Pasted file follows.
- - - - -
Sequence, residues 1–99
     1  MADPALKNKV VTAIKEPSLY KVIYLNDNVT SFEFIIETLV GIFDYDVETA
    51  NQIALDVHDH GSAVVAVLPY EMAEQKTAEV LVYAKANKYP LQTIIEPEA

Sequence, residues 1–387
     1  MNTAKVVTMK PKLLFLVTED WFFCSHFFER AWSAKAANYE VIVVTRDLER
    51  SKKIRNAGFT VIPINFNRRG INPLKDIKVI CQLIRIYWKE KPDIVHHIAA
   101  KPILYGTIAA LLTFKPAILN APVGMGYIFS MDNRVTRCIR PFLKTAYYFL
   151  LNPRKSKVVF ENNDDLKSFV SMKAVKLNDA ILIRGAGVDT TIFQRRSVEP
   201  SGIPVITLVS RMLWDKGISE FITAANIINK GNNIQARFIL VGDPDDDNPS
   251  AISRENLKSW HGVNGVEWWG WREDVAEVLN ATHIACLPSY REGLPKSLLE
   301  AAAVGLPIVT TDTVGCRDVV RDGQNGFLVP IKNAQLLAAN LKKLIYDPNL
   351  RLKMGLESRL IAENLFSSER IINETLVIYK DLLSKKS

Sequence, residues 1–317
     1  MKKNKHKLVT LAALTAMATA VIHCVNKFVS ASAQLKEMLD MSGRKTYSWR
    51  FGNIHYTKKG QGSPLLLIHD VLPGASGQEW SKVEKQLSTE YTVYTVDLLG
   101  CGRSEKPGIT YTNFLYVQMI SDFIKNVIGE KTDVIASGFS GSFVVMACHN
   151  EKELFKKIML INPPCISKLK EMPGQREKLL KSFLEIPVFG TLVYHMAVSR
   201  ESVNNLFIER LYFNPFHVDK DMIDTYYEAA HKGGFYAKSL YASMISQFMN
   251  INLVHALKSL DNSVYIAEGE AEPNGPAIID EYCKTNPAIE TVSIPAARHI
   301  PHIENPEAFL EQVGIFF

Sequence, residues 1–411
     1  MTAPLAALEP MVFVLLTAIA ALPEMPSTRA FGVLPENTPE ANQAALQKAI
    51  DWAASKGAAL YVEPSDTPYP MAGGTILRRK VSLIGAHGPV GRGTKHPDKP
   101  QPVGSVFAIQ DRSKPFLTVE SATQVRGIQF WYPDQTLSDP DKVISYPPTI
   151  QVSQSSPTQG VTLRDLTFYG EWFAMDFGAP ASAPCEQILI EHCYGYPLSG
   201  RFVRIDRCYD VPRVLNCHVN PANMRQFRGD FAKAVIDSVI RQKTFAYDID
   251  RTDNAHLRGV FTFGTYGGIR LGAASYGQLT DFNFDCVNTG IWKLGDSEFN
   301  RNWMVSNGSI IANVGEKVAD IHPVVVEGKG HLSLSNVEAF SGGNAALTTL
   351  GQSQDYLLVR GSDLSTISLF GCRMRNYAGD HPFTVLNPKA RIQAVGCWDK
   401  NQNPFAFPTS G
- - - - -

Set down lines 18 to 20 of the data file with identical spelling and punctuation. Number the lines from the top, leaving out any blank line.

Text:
   201  ESVNNLFIER LYFNPFHVDK DMIDTYYEAA HKGGFYAKSL YASMISQFMN
   251  INLVHALKSL DNSVYIAEGE AEPNGPAIID EYCKTNPAIE TVSIPAARHI
   301  PHIENPEAFL EQVGIFF